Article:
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Monday, January 10, 2011

Character Stereotypes: The Neat-Freak

Main Entry: neat•freak
Pronunciation: \ˈneet freek\
Function: noun
1 : a person who exhibits a pattern of behavior characterized by obsessive cleaning and ordering

If your character color-codes his sock drawer or lines up all her DVDs in alphabetical order, they qualify as neat-freaks.

Some out there in the world of psychology believe that Obsessive-Compulsive disorder operates on a continuum of sorts. On one end, you’ve got the germophobes, counters, and checkers (and double and triple checkers). They can’t function because their minds just won’t quit.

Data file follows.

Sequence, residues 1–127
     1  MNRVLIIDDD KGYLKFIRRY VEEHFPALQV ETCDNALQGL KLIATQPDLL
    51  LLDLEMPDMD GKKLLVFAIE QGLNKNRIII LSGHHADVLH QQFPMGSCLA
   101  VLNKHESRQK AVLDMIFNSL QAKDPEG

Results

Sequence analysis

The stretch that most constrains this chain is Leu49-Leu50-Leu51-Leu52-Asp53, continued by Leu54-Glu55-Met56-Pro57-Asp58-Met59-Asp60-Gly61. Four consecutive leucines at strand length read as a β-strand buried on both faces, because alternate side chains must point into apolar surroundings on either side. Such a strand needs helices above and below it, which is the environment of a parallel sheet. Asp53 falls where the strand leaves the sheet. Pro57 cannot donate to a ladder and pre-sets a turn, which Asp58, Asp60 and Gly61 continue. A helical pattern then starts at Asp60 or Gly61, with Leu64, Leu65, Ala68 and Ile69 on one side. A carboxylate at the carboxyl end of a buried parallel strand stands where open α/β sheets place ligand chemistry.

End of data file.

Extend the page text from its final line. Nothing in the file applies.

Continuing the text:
On the other end, you’ve got people who hand dry their pots and pans to avoid all trace evidence of watermarks, and those who have to iron their wrinkle-free shirts. These behaviors don’t interfere with their ability to function, but they do make them officially Type-A, for anal-retentive.

Kinda anomalous. Kinda admirable. Kinda aggravating.

How can you make your neat-freak pop on the page, larger than life? Read on for four insights that should help here.

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